Britons who refuse to take coronavirus vaccines will not enjoy protection even if their neighbours are immunised, scientists warned today.
University of East Anglia experts yesterday claimed the current crop of Covid jabs will never allow Britain to reach 'herd immunity' - when so many people are immune to a virus that it can't spread and eventually fizzles out.
The research found the efficacy of current vaccines, combined with the emergence of more infectious variants of the virus, meant keeping the R below one without lockdown restrictions could become impossible.
Professor Paul Hunter, an infectious disease expert who led the study, said today people shouldn't count on getting default protection from their neighbours, as he urged everyone who is eligible for the jabs to take them.
He said vaccines would allow a return to 'near-normal' life for large parts of society, but those who refuse the jab would not be protected.
The 10 per cent of Brits who are not vaccinated against measles, for example, enjoy protection through herd immunity - although there are still flare ups of the infectious disease in communities where uptake is not that high.
Experts now believe Covid will become a seasonal virus that we have to learn to live with forever, like flu.
Professor Hunter told BBC Radio 4's Today programme: 'The rolling out the vaccine is going to make a huge difference and going to enable us to relax many of the restrictions that we're under at the moment and, certainly as we're moving into spring when the better weather comes along, that'll considerably help - 'but I think there are two key issues.
Pictured, the impact on R rate for various vaccination scenarios, herd immunity is only achieved if R is kept below 1. The green line shows the Pfizer vaccine, and the blue line shows the effectiveness of Oxford's vaccine according to the 70.4% effectiveness claimed in data sent to MHRA. The red line shows data from phase 3 clinical trials for two standards dose jabs of the Oxford jab against both symptomatic and asymptomatic infection
'The first is that if you are uncertain about whether you want the vaccine or not – and especially if you're a vulnerable person – you cannot rely on the fact that your neighbours have been vaccinated.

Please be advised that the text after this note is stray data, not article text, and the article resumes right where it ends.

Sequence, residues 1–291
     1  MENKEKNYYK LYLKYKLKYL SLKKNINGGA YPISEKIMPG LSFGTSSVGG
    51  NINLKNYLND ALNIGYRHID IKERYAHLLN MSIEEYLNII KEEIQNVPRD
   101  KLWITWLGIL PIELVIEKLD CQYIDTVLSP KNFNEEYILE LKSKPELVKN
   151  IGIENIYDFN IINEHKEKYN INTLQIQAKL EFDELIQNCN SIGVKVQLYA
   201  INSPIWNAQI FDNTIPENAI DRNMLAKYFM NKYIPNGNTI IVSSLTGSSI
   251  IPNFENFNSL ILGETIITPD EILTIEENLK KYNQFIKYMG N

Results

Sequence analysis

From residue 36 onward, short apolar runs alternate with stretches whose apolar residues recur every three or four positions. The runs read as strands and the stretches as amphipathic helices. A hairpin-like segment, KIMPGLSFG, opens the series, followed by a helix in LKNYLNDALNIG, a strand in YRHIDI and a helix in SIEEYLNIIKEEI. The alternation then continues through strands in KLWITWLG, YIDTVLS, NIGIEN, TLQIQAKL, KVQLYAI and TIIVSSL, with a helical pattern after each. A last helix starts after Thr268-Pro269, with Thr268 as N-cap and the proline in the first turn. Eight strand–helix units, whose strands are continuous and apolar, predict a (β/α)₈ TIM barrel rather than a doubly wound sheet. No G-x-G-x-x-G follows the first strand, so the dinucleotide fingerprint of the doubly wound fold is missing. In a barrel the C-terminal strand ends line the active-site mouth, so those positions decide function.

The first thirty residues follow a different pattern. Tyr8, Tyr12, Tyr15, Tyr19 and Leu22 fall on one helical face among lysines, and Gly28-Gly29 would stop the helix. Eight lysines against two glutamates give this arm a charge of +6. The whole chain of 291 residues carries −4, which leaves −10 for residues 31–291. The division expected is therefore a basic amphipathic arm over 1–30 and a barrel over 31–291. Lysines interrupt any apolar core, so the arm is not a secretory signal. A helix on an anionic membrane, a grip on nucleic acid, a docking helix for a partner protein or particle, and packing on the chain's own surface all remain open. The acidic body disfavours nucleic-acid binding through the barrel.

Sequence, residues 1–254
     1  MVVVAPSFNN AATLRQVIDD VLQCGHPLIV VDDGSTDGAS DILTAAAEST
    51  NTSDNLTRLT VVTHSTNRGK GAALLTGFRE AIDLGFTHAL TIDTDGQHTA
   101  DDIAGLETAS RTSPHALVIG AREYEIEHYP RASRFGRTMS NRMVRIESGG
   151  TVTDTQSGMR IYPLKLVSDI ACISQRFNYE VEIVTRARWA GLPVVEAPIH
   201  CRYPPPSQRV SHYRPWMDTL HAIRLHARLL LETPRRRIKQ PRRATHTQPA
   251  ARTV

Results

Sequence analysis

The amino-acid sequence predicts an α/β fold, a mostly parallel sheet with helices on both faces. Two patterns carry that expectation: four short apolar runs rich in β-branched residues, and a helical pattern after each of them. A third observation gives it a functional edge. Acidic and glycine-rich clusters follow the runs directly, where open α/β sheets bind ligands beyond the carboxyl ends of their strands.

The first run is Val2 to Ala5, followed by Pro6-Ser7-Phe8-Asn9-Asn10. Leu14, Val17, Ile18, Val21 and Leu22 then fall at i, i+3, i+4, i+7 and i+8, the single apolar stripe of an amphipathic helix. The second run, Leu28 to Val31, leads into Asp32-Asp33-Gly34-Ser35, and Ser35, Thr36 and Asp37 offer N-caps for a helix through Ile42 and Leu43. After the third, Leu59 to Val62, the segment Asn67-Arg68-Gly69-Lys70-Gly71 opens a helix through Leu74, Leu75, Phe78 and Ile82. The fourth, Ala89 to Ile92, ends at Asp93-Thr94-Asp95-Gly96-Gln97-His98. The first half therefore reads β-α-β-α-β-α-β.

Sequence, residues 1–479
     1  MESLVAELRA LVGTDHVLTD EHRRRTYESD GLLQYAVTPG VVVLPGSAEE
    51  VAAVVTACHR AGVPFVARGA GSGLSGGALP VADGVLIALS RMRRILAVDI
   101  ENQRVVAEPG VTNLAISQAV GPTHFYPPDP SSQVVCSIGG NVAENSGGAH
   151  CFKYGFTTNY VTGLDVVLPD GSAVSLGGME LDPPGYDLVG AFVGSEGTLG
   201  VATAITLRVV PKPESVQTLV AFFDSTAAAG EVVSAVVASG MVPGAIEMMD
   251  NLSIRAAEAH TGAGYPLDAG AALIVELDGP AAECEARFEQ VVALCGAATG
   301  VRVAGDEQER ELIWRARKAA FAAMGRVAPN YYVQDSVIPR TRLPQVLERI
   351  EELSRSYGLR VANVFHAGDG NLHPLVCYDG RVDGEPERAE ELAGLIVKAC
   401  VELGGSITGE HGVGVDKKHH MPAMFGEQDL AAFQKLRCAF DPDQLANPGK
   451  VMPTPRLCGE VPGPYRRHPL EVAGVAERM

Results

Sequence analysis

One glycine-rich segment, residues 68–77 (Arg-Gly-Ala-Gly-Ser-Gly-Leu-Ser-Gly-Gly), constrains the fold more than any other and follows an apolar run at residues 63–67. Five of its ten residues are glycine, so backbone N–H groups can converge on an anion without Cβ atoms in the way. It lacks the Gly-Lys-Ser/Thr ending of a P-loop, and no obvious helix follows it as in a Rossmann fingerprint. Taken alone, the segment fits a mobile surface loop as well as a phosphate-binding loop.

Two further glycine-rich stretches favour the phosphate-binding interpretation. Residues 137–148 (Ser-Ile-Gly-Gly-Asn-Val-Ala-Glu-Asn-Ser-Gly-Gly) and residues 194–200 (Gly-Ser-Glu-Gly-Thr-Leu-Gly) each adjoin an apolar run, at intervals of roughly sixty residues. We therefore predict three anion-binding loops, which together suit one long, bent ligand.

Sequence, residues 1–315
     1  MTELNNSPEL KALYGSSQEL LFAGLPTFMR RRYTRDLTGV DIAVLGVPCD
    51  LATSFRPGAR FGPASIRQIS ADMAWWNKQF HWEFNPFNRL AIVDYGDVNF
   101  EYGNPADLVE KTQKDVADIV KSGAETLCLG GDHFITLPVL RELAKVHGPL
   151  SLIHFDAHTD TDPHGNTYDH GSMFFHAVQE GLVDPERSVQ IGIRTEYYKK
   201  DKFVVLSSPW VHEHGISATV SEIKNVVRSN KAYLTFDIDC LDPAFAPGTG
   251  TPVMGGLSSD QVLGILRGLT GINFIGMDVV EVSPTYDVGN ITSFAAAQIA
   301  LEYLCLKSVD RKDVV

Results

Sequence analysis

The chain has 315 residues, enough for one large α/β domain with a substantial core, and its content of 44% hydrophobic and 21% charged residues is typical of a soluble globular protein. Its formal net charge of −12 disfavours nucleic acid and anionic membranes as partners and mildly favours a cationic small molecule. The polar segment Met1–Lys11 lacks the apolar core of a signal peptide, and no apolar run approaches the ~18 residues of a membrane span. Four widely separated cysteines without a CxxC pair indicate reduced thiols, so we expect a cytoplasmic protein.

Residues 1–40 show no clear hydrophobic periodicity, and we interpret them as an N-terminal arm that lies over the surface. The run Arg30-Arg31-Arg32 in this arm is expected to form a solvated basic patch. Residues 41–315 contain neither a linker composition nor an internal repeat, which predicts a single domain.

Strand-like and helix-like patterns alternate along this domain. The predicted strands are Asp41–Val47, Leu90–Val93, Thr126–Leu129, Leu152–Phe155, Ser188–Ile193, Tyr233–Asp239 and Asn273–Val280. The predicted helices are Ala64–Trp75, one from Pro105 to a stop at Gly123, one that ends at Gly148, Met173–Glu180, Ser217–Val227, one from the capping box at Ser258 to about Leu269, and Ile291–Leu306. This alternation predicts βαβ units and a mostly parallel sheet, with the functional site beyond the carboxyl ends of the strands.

'So please, please, please make sure you go and be vaccinated yourself.'
He said the second issue was that, particularly going into next winter, those who have not had a vaccine were at ongoing risk from coronavirus.
Jonathan Van-Tam's mother gets Covid jab
The 79-year-old mother of England's deputy chief medical officer has had her coronavirus vaccination.
Professor Jonathan Van-Tam has previously spoken about encouraging his mother, Elizabeth Van-Tam, to be ready to receive the vaccine when she got the call.
Ms Van-Tam said: 'While I’ve had lots of reminders from Jonathan, I needed no encouragement when I received my phone call'
Professor Jonathan Van-Tam, deputy chief medical officer for England
Prof Van-Tam, who said his mother calls him 'Jonny', said he had told her it was 'really important' to get the jab 'because you are so at risk'.
She had her vaccination on Thursday at a GP surgery in Whittlesey, six miles east of Peterborough, Cambridgeshire.
Ms Van-Tam, who turned 79 this month, said afterwards: 'I was really happy to get my Covid-19 vaccine.
'While I’ve had lots of reminders from Jonathan, I needed no encouragement when I received my phone call.
'The jab didn’t hurt at all and the NHS staff were excellent.
'I would encourage everyone to take up the offer when it comes.'
He said there was a need to 'make sure we have appropriate tracking and tracing systems in place so that we identify where local outbreaks are occurring early enough to stop them'.
'This is something that happens in measles…particular communities with low uptake of measles vaccines can have suddenly very nasty, very severe outbreaks of measles and what you have to do is make sure we've got systems in place to spot these early before they become real problems for the people concerned.'
Professor Hunter added it was going to be 'pretty much impossible' to reach herd immunity with the vaccines or through naturally-acquired infection.
While vaccines were 'very good at stopping people getting severe illness and dying', they will suppress spread of infection to other people but will not completely stop it.
'There will continue to be a risk to those people who are not vaccinated,' he said.
Analysis from UEA found that the efficacy of current vaccines, combined with the emergence of more infectious variants of the virus, meant keeping the R below one without lockdown restrictions could become impossible.
UEA researchers say that even if every man, woman and child in the UK gets both doses of the Oxford jab it would only bring the R — the average number of people each patient infects — down to 1.3.
But, because this vaccine is approved for over-18s only, the R would remain at about two when curbs are lifted completely.
The study found Pfizer's jab – which is more effective at blocking coronavirus than the Oxford one – is capable of bringing the R below one and achieving herd immunity but it would require inoculating teenagers.
Currently the jab is only approved for over-16s. Researchers warned it would 'likely be impossible' to hit the 82 per cent target needed for herd immunity because 'people will refuse the vaccine'.
Professor Sir Mark Walport, who is advising ministers as a member of the Scientific Advisory Group for Emergencies (Sage), echoed Professor Hunter's comments, adding: 'All the evidence says have a vaccine'.
Asked whether there should be a plan to vaccinate the entire population in the future, including children, he said children do not get severe disease from Covid-19 but can transmit infection so 'ultimately yes' they should be vaccinated.
But he said the current plan must be to vaccinate the most at risk.